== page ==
• You must follow the prescribed API for Tour.java. We will be testing the methods in the API directly. If your method has a different signature or does not behave as specified, you will lose a substantial number of points.
  • You must not add public methods to the Tour API; however, you MAY add private instance variables or methods (which are only accessible in the class in which they are declared).
  • Each constructor must take constant time.
  • All instance methods must take time linear (or better) in the number of points currently in the tour.
  • Corner cases. You may assume that no Point argument is null.

Possible Progress Steps

We provide some additional instructions below. Click on the ► icon to expand some possible progress steps or you may try to solve TSP without them. It is up to you!

Click here to show possible progress steps
  1. Definitely review the CircularQuote case study from precept. This exercise illustrates circularly linked lists and how to use the do {...} while (...) loop to traverse them.

  2. Study the Point API. In this assignment, you will use the constructor to create a point, the toString() method to print it, the distanceTo() method to compute the distance between two points, and the drawTo() method to draw a line segment connecting two points.

  3. Create a file Tour.java. Include the standard linked list data type Node as a nested class. Include one instance variable, say first, of type Node that is a reference to the first node of the circularly linked list.

  4. To assist with debugging, define the constructor that takes four points as arguments and constructs a circularly linked list using those four points. First, create four Node objects and assign one point to each. Then, link the nodes to one another in a circular manner.

  5. Implement the size() method.

  6. To test the size() method, write a main() method that defines four points, constructs a new Tour object using those four points, and calls its size() method. For example, base your example on this template, though you should try defining your own coordinates for the point values:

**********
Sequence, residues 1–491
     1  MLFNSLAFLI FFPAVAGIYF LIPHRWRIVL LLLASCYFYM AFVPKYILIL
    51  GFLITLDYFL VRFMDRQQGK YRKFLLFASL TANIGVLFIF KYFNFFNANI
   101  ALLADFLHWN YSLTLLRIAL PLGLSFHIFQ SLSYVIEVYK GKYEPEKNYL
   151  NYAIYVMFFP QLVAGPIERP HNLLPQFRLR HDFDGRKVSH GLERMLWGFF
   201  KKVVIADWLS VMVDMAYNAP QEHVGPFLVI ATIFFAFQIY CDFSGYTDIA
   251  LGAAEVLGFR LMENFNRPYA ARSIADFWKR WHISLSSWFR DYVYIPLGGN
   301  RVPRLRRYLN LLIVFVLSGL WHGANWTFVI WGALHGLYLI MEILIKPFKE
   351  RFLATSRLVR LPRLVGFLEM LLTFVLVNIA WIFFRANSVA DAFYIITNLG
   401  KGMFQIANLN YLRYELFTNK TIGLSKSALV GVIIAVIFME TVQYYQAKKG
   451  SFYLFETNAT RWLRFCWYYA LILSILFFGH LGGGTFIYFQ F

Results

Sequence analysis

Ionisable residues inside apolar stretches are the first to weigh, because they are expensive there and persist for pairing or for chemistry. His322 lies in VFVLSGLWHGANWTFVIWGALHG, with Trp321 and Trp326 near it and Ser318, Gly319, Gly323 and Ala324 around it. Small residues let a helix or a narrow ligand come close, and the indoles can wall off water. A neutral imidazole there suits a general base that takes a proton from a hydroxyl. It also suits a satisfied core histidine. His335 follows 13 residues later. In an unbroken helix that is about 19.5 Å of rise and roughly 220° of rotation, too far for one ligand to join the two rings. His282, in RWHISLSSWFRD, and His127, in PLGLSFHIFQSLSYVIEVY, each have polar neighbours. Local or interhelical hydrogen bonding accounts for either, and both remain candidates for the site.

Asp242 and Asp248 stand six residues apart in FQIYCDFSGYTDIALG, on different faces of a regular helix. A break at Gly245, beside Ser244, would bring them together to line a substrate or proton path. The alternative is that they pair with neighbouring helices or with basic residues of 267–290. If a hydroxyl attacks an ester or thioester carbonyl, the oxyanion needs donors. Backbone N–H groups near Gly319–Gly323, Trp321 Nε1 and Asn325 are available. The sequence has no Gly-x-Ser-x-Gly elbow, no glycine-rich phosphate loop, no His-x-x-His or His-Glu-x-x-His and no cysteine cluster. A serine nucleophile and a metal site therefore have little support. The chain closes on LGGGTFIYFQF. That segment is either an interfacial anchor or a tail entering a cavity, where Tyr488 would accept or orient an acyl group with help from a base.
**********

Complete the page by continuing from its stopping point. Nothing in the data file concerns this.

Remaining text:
public static void main(String[] args) {
       // define 4 points that are the corners of a tour
       Point a = new Point(100.0, 100.0);
       Point b = new Point(500.0, 100.0);
       Point c = new Point(500.0, 500.0);
       Point d = new Point(100.0, 500.0);
       // create the tour a -> b -> c -> d -> a
       Tour testTour1 = new Tour(a, b, c, d);
       // print the size to standard output
       StdOut.printf("Test #1 - check size - should be %d\n", 4);
       StdOut.printf("**** Number of points is %d\n", testTour1.size());
  7. Implement the length() method. It is very similar to the size() method, except that you need to access two successive points in the tour and call the distanceTo() method from the Point data type. Using the example above, the length() method on the 4-point tour—the length should be 1600.0. (Again, test the length() method using different points for a 4-point tour.)

       // print the tour length to standard output
       StdOut.printf("Test #2 - check length - should be %.2f\n", 1600.00);
       StdOut.printf("************ length is %.2f\n", testTour1.length());
  8. Implement the toString() method. It is similar in structure to size(), except that you must create a StringBuilder object and append each Point to the StringBuilder object. Test the toString() method on the 4-point tour:

       // print the tour to standard output
       StdOut.println("Test #3 - check toString");

    You should get the following output:

    (100.0, 100.0)
    (500.0, 100.0)
    (500.0, 500.0)
    (100.0, 500.0)